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Minor Facial Scars Don’t Adversely Affect First Impressions, Study Finds

A new survey found that minor facial scars, after healing, had little or no impact on how faces were rated for attractiveness. In fact, some scars were even linked to more favorable ratings, according to a study in the December issue of Plastic and Reconstructive Surgery, the official medical journal of the American Society of Plastic Surgeons (ASPS).

Faces rated for confidence, friendliness and attractiveness

The researchers designed a survey to identify factors that could be potentially modified to improve how facial scars are perceived. Photographs were altered by adding 14 unique scars in various locations and orientations. Survey participants rated 50 different faces in terms of confidence, friendliness and attractiveness. Nearly 89,000 ratings by 1,800 respondents were analyzed.

Average ratings for “attractiveness” (on a scale of 0 to 5) were 4.25 for scarred faces and 4.26 for unscarred faces. Ratings for “confidence” were not significantly different. Faces with scars were actually rated higher for “friendliness” than non-scarred faces.

In many locations and orientations, facial scars had no major impact on appearance.

Facial scars found to have little impact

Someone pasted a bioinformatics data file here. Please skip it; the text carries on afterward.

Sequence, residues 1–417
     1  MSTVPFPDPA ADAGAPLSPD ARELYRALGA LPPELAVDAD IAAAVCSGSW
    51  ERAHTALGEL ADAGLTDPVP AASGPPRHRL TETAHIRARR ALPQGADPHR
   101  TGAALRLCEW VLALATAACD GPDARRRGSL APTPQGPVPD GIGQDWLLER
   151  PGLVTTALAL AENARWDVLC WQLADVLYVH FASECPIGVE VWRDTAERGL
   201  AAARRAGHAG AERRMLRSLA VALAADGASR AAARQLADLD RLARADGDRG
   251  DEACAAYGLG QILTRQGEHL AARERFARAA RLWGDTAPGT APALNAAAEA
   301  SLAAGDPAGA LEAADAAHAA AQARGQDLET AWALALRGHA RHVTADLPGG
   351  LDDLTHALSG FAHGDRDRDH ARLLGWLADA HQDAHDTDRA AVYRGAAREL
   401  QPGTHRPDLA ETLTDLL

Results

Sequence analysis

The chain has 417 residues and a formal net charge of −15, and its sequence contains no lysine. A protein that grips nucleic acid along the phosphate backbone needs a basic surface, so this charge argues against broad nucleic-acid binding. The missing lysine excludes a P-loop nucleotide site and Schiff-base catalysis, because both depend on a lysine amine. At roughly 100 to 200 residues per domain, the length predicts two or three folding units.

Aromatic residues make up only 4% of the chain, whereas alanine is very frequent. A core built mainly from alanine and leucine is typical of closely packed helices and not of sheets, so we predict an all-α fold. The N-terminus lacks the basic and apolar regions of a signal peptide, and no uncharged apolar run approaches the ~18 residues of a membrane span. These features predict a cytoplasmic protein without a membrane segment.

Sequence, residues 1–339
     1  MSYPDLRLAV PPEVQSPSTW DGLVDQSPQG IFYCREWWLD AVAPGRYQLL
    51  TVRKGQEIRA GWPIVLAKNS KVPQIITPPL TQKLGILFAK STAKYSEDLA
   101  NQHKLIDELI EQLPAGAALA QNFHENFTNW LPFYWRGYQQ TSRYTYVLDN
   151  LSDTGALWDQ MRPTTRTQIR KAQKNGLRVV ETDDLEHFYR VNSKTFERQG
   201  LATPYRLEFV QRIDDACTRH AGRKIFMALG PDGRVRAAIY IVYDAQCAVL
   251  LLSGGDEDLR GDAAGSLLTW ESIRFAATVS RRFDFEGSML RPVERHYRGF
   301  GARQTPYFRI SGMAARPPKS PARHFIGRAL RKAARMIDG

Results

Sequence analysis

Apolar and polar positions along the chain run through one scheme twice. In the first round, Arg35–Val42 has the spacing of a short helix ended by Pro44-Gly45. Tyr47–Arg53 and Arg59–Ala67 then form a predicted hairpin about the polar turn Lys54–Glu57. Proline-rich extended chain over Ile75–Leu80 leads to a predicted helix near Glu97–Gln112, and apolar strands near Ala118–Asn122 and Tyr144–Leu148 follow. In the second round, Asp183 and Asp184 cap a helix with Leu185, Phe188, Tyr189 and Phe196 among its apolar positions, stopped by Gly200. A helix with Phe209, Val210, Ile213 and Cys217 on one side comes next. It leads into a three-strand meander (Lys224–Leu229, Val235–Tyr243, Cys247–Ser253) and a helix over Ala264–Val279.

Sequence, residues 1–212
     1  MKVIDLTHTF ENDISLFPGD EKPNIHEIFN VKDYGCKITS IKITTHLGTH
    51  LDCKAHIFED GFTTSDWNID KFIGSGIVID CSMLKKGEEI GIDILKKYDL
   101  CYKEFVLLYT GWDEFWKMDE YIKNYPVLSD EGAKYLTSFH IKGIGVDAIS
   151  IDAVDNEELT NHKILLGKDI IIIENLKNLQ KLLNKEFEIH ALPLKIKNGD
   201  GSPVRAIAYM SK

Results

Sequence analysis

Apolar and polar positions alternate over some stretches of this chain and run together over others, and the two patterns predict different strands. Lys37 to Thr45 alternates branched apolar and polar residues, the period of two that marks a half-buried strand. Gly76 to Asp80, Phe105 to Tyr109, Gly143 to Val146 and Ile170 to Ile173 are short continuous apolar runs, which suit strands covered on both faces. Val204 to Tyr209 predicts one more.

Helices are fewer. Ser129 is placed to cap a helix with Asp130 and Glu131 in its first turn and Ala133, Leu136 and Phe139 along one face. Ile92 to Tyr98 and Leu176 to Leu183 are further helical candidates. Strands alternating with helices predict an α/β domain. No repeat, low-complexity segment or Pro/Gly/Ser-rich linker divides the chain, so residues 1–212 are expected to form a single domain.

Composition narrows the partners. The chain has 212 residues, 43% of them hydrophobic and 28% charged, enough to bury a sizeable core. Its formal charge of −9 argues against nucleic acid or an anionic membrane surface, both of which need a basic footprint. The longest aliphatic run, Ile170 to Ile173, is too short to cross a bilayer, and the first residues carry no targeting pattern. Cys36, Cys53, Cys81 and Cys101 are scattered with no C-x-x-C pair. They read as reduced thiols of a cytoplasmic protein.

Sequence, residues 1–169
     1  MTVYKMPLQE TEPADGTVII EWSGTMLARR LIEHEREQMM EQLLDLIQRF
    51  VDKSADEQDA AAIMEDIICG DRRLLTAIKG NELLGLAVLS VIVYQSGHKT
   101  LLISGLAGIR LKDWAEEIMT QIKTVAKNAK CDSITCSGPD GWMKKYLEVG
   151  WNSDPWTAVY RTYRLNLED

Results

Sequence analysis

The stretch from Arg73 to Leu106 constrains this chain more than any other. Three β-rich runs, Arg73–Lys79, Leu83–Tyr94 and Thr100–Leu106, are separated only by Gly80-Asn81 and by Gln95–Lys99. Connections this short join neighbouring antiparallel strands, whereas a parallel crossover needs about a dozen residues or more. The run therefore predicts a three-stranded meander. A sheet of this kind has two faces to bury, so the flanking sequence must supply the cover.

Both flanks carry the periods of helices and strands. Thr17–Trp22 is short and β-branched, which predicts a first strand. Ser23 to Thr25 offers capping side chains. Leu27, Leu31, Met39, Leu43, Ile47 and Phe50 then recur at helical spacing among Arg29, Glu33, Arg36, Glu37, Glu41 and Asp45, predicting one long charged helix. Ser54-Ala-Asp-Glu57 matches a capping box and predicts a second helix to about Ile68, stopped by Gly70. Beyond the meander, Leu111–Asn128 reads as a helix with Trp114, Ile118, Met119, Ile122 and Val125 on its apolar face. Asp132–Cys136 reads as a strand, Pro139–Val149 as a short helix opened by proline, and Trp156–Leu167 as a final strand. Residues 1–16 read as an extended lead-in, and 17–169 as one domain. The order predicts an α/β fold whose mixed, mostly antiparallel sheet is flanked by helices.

“The presence of a facial scar did not have a significant impact on attractiveness,” study authors wrote. “Contrary to our predictions, we found that a single well-healed scar generally does not affect individuals’ first impressions of perceived attractiveness or confidence negatively and may even increase perceived friendliness.”

Minimizing the severity of scars, particularly on the face, is an important objective for plastic surgeons. Scar Revision is the third most frequently performed type of reconstructive surgery with almost 264,000 patients in 2020, according to ASPS statistics.

The findings may be “surprising and perhaps welcome news,” the study said, to patients concerned that facial scars or incisions may negatively affect their appearance or how they are perceived by others.

Source: American Society of Plastic Surgeons

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